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Journal of Hospitality and Tourism Management ; 52:356-365, 2022.
Article in English | Web of Science | ID: covidwho-2069331


Given COVID-19's disproportionate adverse impact on hospitality employees, we explore the proposition that COVID-19-related career challenges prompt CALD hospitality workers to rethink the meaning and purpose of work to explore ways to cope and restore occupational well-being, thus triggering occupational change. Thematic analysis of qualitative data from interviews with 25 CALD hotel workers reveal different sub-groups of CALD hotel workers differentially cognitively frame pandemic-induced employment changes to cope and restore occupational well-being: 1. as an opportunity for behavioral (occupational) change by CALD workers in refugee jobs;2. as a temporary phenomenon, with CALD workers who were temporary migrants foreseeing positive career outcomes;and 3. as an opportunity for behavioral (occupational) advancement in hotels by CALD workers who were permanent residents with hospitality qualifications. We contribute to literature at the intersection of coping and occupational well-being research in hospitality, providing a fine-grained understanding of how CALD hotel workers coped and restored occupational well-being, by differentially reconstruing the meaning of work and undertaking occupational change, be it cognitive or behavioral.

Public Health ; 207: 119-126, 2022 Jun.
Article in English | MEDLINE | ID: covidwho-1867698


OBJECTIVES: The COVID-19 pandemic has highlighted the importance of access to telehealth as an alternative model of service during social restrictions and for urban and remote communities alike. This study aimed to elucidate whether First Nations and culturally and linguistically diverse (CALD) patients also benefited from the resource before or during the pandemic. STUDY DESIGN: This study was a scoping review. METHODS: A scoping review of MEDLINE, CINAHL and PsycINFO databases from 2000 to 2021 was performed. Paired authors independently screened titles, abstracts and full texts. A narrative synthesis was undertaken after data extraction using a standard template by a team including First Nations and CALD researchers. RESULTS: Seventeen studies (N = 4,960 participants) mostly qualitative, covering First Nations and CALD patient recipients of telehealth in the United States, Canada, Australia, and the Pacific Islands, met the inclusion criteria. Telehealth was perceived feasible, satisfactory, and acceptable for the delivery of health screening, education, and care in mental health, diabetes, cancer, and other chronic conditions for remote and linguistically isolated populations. The advantages of convenience, lower cost, and less travel promoted uptake and adherence to the service, but evidence was lacking on the wider availability of technology and engagement of target communities in informing priorities to address inequalities. CONCLUSIONS: Further studies with larger samples and higher level evidence methods involving First Nations and CALD people as co-designers will assist in filling the gap of safety and cultural competency.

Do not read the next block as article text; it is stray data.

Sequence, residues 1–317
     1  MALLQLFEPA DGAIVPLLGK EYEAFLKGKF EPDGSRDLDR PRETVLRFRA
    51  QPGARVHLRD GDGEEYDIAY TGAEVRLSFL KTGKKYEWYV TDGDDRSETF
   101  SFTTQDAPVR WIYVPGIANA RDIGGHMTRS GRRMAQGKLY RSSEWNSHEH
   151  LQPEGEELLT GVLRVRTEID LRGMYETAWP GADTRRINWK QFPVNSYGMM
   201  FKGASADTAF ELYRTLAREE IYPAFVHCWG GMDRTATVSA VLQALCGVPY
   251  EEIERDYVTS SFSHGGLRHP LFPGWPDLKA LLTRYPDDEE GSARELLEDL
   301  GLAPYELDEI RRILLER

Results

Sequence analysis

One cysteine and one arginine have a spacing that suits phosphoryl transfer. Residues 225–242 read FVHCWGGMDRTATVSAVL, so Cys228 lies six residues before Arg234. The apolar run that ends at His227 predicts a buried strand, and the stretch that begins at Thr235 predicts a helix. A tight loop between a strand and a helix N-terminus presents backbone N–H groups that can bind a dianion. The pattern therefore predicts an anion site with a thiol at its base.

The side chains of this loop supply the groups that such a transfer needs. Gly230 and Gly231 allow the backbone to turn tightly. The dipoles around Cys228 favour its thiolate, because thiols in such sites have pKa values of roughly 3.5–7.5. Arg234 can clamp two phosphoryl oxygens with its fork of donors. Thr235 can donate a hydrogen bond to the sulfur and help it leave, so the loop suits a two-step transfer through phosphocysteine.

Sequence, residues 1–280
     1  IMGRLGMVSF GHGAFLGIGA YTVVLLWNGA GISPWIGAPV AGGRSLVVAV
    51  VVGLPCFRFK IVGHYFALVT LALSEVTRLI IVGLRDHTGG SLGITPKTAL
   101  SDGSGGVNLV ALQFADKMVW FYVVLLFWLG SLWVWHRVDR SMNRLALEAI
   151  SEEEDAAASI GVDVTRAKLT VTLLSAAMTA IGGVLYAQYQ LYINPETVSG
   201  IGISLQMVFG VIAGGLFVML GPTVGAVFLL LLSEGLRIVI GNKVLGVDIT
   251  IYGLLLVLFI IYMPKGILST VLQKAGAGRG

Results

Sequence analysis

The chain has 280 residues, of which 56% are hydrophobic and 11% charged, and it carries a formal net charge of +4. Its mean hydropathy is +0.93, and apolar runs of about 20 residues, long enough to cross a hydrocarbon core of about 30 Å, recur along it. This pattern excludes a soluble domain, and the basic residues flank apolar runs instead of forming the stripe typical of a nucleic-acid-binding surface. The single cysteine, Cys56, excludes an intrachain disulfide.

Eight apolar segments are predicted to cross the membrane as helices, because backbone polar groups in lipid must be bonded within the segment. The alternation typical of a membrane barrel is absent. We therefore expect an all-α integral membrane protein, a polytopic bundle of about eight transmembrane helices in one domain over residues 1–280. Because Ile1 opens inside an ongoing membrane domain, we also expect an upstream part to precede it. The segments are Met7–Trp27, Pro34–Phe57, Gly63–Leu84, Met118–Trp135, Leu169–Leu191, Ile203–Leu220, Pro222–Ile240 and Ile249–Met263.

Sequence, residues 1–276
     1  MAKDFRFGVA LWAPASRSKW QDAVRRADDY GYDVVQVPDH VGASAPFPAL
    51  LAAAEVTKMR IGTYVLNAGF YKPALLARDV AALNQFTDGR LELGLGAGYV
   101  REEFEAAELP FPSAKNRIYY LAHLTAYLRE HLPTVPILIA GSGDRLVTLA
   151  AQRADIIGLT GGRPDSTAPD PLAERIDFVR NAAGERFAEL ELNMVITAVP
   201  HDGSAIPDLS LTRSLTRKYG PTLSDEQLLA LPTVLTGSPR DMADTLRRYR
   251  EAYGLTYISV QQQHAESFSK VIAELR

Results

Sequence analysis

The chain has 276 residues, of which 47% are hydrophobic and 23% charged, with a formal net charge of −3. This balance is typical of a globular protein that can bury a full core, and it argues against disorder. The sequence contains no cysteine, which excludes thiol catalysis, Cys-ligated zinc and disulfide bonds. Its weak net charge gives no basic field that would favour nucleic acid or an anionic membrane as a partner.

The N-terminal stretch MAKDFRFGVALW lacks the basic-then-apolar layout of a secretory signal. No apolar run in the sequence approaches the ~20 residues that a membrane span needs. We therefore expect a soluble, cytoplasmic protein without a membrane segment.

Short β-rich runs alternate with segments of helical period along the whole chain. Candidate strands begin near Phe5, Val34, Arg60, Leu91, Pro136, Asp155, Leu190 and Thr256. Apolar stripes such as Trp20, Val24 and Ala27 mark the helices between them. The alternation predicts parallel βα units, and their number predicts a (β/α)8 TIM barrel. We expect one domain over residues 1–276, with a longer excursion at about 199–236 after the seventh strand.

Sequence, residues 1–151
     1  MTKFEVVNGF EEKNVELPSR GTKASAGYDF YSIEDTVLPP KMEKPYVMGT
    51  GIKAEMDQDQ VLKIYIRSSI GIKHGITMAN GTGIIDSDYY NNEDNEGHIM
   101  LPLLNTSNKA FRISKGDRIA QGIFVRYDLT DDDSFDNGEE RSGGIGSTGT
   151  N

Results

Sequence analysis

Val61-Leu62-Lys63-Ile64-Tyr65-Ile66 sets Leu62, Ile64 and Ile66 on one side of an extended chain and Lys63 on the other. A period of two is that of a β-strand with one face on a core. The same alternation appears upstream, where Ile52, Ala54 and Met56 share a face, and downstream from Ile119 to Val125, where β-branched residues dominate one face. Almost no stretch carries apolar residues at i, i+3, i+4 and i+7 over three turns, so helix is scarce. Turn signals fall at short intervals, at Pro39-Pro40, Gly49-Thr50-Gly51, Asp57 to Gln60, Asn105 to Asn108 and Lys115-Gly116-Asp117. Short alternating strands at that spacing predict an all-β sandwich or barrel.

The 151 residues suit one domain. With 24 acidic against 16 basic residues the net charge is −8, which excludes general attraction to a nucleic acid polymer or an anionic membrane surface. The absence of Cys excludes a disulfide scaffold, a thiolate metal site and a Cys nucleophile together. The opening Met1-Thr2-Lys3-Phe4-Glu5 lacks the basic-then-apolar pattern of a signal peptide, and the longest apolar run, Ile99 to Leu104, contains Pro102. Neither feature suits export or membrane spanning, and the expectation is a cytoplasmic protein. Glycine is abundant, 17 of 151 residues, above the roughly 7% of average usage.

COVID-19 , Telemedicine , Cultural Diversity , Feasibility Studies , Humans , Pandemics , Personal Satisfaction
BMC Public Health ; 21(1): 2081, 2021 11 13.
Article in English | MEDLINE | ID: covidwho-1515442


BACKGROUND: This study explored the experiences of people from culturally and linguistically diverse (CALD) backgrounds in Greater Western Sydney, Australia, in selected livelihood items during COVID-19 and the perceived impacts of the pandemic on their lives. METHODS: A cross-sectional survey was used to collect data between 25 August and 30 September 2020 among CALD communities in Greater Western Sydney. Information was collected on respondents' experiences in selected livelihood items, including housing, finances, safety, accessing social services and activities, finding work, food, clothing, and relationships during COVID-19 and the pandemic's perceived impact on their lives. Descriptive and non-parametric statistics were used to analyze the data. RESULTS: One hundred and ninety-eight participants were included in the study, 45.5% male and 54.5% female. Many respondents reported their experience in the selected livelihood items as "worse" during COVID-19 at the time of the study. The feeling of safety was most disrupted, with 56% of respondents rating their experience as "worse". This experience was followed by accessing social support group activities, with 50% of respondents stating their experience of using this service had worsened. The experience of accessing social services and financial situation was rated as "worse" by 41% of respondents. Experience in finding work, housing, and attending schools were all rated as "worse". The median perceived impact of COVID-19 among respondents who rated their experience in the selected livelihood items as "worse" were statistically higher than those who rated their experience as the "same". Respondents' characteristics also predicted the perceived impact of COVID-19. Unemployed respondents were 3.53 (95% CI: 1.16-10.73, p = 0.026) times more likely to perceive the impact of COVID-19 on their lives as "high" compared to employed respondents. CONCLUSIONS: The finding demonstrates that the "high" number of respondents had the same situation as before COVID-19 and highlights the level of resilience exhibited by CALD communities in the Australian context. It also suggests that services in Australia were good during the pandemic. However, enhanced policy and initiatives designed to meet the CALD population's needs are required, particularly in the areas most reported to have been disrupted by changes associated with COVID-19.

COVID-19 , Australia/epidemiology , Cross-Sectional Studies , Cultural Diversity , Female , Humans , Male , SARS-CoV-2